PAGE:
Wednesday, 29 November 2017


There are many differences between Ghana and the UK as you can imagine. There are obvious differences such as climate; the UK is rainy and usually cold (especially in November), whereas Ghana is always hot, it’s a thermostat that doesn’t go below 24 degrees and that’s only in the evenings. I can’t really complain about the heat however, I am in Tamale and although a warm 35 degrees its manageable, unlike the 39’s and 40’s of Sandema or Navrongo.
However, the greatest difference between these two countries is not the climate but the attitudes towards strangers and greetings in general. If you’ve had the ‘pleasure of living in London then you will understand what the general attitude towards strangers is. Imagine smiling at someone on the tube? Wishing them good morning and inquiring into how they slept? You would be on the first bus to Broadmoor. No, instead head down, no eye contact, the only camaraderie is the collective sigh shared over a delayed train, usually southern. Ghanaians’ are the polar opposite to this, their culture appears to be built upon communication and an acknowledgement of the people that make up their community. It is rude to not greet a stranger and socially unacceptable to not greet someone you know. In the morning you will be greeted with a ‘Dasiba’ (Des-Bah), the afternoon ‘Antere’ (Ant-aray), and in the evening ‘Anola’ (Ann-Ola). All of which you should reply with a ‘Naaaa’, it is that simple and the amount of joy this one response brings is infectious, expect laughter but also expect their gratitude and respect. It’s a difference I will miss a lot, after a brief 10 weeks I feel more a part of this community, in some ways than I do in my community back in the UK.
                                                  A hat salesman and Nathaniel Dilling in Tamale town centre

Another difference I have observed is that regarding the elderly. Respect for elders in the UK may be seen as giving up a seat on public transport or helping an elderly person cross the road, both honourable acts. However in Ghana in terms of respect for elders it is a way of life rather than an occasional kindness. There are certain issues that are caused by this level of respect such as their influence upon the young and the passing on of harmful traditional views, for example those concerning the role of women, but this is a small proportion. What is admirable is that in Ghana the elderly are seen as sources of wisdom and invaluable experience, and as a result elders are greeted with a bow and in some cases a squat, in which they stay until told to stand. Imagine squatting for your Grandma Janette, she’d politely smile and ask if you had dropped something. I jest, but it is endearing and in contrast to the UK where tens of thousands of elderly men and women reportedly suffer from loneliness, it’s a culture we could learn greatly from.

The London Underground, from
A significant cultural difference that is worth mentioning is that concerning time and punctuality. This is demonstrated though GMT, an acronym we acknowledge as Greenwich Mean Time, in Ghana however this is understood as Ghana Man Time. What does this mean? In the UK we respect punctuality especially in terms of business, if we are told to meet at 9:00am we will make the greatest effort to arrive at that time, maybe even slightly earlier. Alternatively in Ghana there is a fear of being the first to arrive and waiting around so if you wish to meet at 9:00am there is no guarantee they will arrive at this time. This is best shown by the time we tried to order chicken to the office, we ordered at 11:30, which we thought would cater for GMT so as to receive our meal at 1:30. However we waited and waited until 3:30 then waited until 4:30 at which point ‘hanger’ was fully fledged and even goats that surround the office began to look delicious. Unfortunately our meal never arrived. As you can imagine this can be frustrating, however you have to understand why this is the case. It links back to greetings and a different understanding of what is important. If you were to meet friends or family on your way to your meeting in the UK you would stop and briefly explain you were in a rush and if you could speak later, but in Ghana friends and family become the priority and communication with them takes precedence. It is a big cultural difference and one that took a while to get used to.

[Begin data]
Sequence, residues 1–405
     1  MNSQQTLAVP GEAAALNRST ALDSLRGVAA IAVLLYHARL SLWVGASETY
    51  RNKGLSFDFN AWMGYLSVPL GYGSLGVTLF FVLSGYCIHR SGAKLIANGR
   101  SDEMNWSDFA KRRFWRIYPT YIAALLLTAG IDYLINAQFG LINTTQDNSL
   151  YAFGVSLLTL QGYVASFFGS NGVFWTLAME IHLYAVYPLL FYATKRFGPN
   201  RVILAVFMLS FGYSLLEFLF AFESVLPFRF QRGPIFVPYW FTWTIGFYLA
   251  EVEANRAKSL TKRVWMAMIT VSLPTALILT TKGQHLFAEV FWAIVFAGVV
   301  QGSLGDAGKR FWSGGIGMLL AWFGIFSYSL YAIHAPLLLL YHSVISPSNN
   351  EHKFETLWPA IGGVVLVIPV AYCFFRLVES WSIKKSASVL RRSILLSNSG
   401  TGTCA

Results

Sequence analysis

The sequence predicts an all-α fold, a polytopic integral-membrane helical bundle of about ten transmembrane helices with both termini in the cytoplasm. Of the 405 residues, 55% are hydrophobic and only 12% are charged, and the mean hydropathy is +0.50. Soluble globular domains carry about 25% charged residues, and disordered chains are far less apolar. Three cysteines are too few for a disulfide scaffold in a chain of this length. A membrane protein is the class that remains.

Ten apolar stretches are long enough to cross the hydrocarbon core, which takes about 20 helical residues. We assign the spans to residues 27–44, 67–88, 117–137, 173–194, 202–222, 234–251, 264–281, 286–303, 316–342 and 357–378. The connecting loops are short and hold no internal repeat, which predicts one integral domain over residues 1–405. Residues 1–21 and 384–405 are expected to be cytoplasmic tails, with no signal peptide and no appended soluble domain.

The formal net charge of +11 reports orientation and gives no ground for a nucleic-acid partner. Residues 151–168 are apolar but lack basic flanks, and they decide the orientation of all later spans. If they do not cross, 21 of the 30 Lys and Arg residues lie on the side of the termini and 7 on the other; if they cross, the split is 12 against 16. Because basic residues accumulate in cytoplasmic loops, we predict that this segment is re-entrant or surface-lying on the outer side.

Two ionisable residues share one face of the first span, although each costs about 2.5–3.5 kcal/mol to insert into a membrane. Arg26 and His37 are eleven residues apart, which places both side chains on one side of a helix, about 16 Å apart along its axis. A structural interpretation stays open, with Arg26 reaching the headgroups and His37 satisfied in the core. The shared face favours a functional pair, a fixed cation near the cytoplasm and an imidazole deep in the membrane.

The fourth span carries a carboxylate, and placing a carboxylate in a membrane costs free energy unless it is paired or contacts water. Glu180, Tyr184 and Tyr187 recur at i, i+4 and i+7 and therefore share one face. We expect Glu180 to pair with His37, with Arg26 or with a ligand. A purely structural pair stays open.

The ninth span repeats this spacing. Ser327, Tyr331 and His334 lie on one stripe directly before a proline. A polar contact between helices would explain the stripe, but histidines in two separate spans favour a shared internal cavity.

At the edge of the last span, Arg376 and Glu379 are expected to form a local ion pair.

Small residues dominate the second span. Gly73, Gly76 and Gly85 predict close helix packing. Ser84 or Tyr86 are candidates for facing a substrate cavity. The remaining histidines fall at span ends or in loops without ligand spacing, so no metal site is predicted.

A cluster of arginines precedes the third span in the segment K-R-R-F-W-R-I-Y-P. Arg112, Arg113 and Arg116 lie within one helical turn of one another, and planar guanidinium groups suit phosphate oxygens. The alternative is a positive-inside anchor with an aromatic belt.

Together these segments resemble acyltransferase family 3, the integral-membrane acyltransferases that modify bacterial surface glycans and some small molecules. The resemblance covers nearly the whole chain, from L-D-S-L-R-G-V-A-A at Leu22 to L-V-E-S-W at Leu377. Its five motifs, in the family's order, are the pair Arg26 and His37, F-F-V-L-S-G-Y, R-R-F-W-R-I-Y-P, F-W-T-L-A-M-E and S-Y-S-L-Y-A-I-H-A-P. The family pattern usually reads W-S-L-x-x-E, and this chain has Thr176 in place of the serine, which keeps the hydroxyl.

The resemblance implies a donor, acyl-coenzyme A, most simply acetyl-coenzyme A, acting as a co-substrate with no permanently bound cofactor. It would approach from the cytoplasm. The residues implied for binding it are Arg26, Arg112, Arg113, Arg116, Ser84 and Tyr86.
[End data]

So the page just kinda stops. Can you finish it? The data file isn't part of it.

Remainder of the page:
I think the biggest difference is in the UK we have a society that is taught to expect and prepare for the worst. We are fearful and we let that fear rule how we treat others, this is shown through the lessons we are taught as children ‘Don’t talk to strangers’. In Ghana there is a trust, an overwhelming sense of trust, and yes this has its problems, but it has an incredibly refreshing benefit where strangers are greeted and treated with friendliness and kindness.  

A couple things I couldn't fit in but you should know:
  •   Everything is a road, footpaths are roads, alleyways are roads, and red at a traffic light doesn’t always mean stop. Never play chicken with a motorbike. 
  •   Never offer anything with your left hand, its disrespectful and they will throw you so much shade you’ll think your back in England. 
  •   Ghanaians eat with their hands, if you whip out a spoon to chow down on a bowl of kenkey, you’ll get the same reaction as if someone whipped out a spoon to eat a pizza in the UK. 
Written by
Nathaniel Dilling

Photo Credit: The London Underground, from and Chloe Ross-Brown

No comments:

Post a Comment